I enjoy it…But I need same pronunciation.
Just for read more about it.
Mucho calor, quiero ser pescada.
i m italian and when i was a child i used to draw a fish on a sheet of paper, cut it and with some tape behind attach it to the back of the person i had in my viewfinder, let s say. i m growing older now, so i stop doing this.
However now that there s my english friend in italy i guess i ll play tricks on him only for the aim to speak english about April fool, as seen as i always played it in italian.
In India we celebrate April fools day
Thank you so much!
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I’m today’s victim “April’s fool” and this is what my wife did to me. She made an envelop that looks like Google Inc. ones when they send money to website owners for ads.
She asked one of her female friends to ring me up and let me know that I’ve got to drive to a city that is close to where we live and collect the envelop that reads ” $1986 Adsense March 2017.
I was so happy and told everyone, my wife pretended she was very surprised and she kept repeating the sentence “I can’t believe it, it must be one of April’s fool hoaxes”.
To cut this short, I drove 30 miles to read this: “Hello darling, I tried to warn you but you were so keen and persistent to be our lovely April’s fool this year, now get back to me”
I didn’t also notice that 1986 was the year I was born. Now I hate myself for being so greedy and also naive yet luck to have a wife that teaches me lessons in life.
Thank you Liz for your details. They are really very informative.
While in English you talk about ‘April Fool’, in Arabic we talk about it as ‘April Lie (trick)’. The lie is often harmless, but it can also sometimes be upsetting, at least for a short while. The goal is usually to have a laugh at the “Fool”.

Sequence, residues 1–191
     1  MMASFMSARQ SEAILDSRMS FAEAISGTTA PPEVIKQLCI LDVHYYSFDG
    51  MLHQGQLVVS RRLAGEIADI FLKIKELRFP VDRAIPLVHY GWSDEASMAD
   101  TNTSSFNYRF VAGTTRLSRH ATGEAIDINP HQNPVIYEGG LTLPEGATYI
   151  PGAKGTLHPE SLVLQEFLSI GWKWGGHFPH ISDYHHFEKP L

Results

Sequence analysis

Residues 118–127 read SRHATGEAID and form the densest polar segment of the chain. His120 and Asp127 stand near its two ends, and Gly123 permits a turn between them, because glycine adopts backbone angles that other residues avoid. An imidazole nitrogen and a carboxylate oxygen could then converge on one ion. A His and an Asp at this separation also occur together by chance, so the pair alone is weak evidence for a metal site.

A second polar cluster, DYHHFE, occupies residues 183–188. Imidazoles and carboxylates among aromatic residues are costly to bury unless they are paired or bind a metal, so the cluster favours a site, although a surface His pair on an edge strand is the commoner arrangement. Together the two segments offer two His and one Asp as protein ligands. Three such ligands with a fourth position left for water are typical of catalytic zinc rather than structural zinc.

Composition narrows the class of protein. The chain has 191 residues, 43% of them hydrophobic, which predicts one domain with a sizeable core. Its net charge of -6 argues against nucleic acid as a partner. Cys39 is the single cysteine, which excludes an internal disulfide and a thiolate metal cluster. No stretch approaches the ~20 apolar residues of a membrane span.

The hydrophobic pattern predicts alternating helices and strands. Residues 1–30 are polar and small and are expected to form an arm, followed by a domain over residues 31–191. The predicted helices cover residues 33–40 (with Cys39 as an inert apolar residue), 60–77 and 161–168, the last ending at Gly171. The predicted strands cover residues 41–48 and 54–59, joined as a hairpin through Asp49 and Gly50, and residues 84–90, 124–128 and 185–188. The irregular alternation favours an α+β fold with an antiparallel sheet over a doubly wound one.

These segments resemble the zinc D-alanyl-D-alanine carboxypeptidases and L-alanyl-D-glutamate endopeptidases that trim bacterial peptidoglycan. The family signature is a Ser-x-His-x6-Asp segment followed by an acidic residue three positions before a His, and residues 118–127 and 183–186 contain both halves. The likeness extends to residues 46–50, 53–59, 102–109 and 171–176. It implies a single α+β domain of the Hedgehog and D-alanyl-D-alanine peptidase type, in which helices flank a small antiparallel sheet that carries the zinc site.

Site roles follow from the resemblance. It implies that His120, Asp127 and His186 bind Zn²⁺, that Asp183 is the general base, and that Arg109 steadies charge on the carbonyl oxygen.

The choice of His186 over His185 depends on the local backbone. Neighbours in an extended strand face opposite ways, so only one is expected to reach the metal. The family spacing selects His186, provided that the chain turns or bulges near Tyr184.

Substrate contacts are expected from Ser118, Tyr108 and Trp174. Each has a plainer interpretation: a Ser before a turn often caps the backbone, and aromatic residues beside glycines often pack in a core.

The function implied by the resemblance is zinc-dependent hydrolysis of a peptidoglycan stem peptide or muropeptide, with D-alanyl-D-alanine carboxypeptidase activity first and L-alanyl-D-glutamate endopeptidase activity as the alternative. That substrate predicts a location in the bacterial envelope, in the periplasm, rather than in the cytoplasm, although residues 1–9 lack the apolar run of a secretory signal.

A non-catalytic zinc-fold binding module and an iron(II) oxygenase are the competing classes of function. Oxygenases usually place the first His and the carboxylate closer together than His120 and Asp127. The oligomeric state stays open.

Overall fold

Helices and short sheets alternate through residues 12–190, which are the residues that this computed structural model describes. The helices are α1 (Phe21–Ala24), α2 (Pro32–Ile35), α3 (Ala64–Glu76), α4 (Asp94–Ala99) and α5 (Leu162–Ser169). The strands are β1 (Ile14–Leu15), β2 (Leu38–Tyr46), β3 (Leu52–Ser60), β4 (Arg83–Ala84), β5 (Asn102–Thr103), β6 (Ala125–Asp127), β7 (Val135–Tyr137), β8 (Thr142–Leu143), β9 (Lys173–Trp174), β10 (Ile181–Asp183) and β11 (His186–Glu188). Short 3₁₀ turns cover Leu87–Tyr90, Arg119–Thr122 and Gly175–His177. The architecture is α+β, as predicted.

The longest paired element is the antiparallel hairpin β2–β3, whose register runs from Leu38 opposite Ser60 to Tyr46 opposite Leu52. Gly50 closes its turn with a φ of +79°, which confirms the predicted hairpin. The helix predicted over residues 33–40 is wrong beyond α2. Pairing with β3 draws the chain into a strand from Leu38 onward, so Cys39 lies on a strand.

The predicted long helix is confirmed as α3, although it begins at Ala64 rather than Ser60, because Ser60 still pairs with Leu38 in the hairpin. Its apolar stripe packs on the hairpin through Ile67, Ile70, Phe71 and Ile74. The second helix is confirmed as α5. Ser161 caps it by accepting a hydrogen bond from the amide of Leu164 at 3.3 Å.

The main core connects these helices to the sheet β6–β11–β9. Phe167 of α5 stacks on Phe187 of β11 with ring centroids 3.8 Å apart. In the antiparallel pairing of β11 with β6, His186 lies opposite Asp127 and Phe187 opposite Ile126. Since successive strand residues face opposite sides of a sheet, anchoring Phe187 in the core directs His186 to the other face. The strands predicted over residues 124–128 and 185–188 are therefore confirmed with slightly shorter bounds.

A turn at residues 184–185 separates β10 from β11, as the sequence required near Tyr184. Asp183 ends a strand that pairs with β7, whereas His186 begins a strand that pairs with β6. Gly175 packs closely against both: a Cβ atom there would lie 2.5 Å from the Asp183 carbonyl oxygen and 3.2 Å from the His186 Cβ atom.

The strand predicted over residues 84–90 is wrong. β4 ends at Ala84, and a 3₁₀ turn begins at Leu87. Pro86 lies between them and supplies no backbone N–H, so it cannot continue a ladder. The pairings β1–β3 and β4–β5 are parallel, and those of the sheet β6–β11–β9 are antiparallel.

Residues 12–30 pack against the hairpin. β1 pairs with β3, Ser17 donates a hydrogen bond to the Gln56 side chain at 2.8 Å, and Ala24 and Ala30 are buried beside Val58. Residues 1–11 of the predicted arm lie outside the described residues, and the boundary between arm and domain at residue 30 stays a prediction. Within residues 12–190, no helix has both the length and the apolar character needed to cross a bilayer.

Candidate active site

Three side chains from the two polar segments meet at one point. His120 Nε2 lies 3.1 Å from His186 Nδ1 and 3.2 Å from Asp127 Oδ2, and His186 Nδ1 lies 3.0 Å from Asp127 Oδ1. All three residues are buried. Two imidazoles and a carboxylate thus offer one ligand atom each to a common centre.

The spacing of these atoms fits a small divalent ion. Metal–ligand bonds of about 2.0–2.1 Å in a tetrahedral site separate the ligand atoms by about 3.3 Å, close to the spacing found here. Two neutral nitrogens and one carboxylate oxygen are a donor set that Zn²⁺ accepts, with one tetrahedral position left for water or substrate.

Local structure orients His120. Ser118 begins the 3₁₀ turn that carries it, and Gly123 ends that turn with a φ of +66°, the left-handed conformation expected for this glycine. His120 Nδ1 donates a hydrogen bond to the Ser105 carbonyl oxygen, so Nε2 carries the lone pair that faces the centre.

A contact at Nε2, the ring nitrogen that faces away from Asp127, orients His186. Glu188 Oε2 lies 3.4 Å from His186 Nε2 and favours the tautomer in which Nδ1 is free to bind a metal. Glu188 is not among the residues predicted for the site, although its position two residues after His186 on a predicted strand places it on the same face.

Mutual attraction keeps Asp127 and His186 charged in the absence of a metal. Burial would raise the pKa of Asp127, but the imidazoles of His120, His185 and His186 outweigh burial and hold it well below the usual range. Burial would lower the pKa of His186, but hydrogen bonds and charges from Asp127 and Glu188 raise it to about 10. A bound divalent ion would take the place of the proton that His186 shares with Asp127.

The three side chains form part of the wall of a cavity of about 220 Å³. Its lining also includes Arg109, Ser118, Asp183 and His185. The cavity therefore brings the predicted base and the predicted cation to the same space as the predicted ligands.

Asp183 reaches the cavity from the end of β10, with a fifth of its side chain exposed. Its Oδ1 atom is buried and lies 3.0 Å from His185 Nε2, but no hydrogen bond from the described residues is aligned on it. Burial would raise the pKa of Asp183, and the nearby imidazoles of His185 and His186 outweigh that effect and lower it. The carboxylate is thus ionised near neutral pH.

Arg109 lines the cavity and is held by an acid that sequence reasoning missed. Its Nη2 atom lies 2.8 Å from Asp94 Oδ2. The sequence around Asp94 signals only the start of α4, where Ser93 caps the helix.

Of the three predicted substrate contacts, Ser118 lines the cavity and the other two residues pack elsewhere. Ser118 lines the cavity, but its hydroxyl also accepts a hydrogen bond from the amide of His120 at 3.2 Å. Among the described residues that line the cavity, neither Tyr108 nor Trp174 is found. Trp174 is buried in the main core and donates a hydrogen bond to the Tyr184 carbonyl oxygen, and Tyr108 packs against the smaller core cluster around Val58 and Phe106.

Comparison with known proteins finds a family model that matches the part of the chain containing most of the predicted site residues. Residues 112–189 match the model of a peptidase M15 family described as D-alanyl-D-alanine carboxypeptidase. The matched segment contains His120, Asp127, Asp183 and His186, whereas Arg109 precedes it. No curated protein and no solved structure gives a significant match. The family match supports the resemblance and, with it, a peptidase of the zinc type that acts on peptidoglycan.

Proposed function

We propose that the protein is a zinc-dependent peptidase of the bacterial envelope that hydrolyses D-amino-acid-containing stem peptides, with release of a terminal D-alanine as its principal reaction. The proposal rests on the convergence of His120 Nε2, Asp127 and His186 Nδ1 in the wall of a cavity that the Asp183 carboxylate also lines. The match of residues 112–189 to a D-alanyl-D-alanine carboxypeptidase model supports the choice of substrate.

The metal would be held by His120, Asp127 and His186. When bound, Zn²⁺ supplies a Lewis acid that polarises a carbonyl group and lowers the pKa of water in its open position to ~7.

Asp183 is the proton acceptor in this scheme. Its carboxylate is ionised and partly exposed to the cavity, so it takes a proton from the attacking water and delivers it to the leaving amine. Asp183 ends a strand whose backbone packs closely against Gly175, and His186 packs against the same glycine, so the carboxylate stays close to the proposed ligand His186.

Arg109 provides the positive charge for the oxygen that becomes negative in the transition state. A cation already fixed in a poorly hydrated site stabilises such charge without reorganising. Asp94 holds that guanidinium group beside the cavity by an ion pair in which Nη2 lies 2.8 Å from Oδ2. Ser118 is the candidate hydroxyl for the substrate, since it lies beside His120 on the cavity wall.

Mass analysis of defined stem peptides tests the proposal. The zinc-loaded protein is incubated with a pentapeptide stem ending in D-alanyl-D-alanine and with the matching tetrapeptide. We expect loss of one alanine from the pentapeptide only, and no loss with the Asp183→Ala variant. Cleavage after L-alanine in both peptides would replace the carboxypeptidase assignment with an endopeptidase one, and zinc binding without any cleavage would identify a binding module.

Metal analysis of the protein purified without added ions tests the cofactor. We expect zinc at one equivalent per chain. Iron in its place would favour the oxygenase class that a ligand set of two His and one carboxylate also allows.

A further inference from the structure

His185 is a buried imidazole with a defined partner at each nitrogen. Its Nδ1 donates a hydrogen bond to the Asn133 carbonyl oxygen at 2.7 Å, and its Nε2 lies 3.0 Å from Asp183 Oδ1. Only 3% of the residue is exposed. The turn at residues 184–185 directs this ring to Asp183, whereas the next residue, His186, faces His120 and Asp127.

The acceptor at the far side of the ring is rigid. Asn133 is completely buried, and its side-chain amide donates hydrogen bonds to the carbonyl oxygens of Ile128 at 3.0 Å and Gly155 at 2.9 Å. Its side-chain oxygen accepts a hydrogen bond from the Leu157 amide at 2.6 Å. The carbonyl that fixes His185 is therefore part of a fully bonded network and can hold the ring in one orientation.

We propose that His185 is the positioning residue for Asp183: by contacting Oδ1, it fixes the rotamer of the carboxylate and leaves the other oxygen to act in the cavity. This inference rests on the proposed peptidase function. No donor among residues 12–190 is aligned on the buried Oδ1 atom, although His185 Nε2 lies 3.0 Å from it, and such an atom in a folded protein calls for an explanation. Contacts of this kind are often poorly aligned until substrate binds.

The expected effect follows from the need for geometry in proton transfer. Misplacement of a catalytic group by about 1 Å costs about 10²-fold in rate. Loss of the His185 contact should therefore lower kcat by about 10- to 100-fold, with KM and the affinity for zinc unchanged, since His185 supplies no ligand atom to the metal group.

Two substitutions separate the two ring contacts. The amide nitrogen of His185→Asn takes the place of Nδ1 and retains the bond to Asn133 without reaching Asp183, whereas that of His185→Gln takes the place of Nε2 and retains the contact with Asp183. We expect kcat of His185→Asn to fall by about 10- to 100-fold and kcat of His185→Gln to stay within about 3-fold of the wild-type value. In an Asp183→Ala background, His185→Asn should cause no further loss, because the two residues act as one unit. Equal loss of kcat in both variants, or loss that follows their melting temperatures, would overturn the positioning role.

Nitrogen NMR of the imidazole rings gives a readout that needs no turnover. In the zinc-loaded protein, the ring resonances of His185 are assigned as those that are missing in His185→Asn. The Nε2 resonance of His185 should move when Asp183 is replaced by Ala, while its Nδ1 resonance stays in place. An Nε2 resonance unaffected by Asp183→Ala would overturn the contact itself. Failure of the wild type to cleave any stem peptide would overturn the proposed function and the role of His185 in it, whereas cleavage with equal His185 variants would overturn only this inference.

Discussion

One prank (or lie) I still remember from my childhood was a practical trick that caused me to cry for a while. It was about eight in the morning when both my elder brother and sister told me to get ready and hurry to school for I was late. I was seven at the time and felt so bad. What happened? As I was leaving my house yard, both called me back, but I was in a hurry and went on running to the local school. My 12-year-old brother then ran after me and ordered me to stop and go back home. I started to cry because I knew I was late and cried in Arabic, “I won’t go back, I’m late and Miss Suzan will be angry with me.”It was then when my brother and sister laughed out loud and said, “It’s Friday! It’s a holiday! It’s Friday and you’re a fool”. I cried on a little then, but I was so happy it was a Friday.
However, most Arabic “April Lies” tend to be less practical and more related to light bad news.
Did you believe my story about school? If so, you are my April Fool today, Liz! Sorry, it’s me. I am your April Fool as it is quite past midday April 1st! Enjoy the rest of the Day!
I was enjoyed your childhood’s April Lies, It was so cute.
At the end, I realize that Iam your April Fool this year hahha
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I’m from Italy and here a trick played on this day is called ‘Pesce d’aprile’, the literal translation of the French ‘Poisson d’Avril’.
When I was a child we lived in a flat on the first floor, and on April’s Fool my mother used to go downstairs in secret to ring the intercom. At that, I’d ran to the buzz, and picking up the handset I’d shout ‘Who’s there?’ (that’s what we say in Italian), and my mum replied ‘Cuckoo, cuckoo!!’ (meaning ‘Wake up!!)
I once had a resident in a nursing facility play an April’s prank on me. I was helping them I into their wheelchair when this sweet 92 yr old lady tells me I have a while in my shirt. I feel for the trick. When she said your head is sticking out of it. Happy April Fool’s Say she said. We both along with her roommate laughed.
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Thanks for sharing your experiences of April Fool tricks!
Nothing much to add, but in Brazil it is called “the lies’ day” and when we take somebody in we just say “APRIL FIIIIIIRST”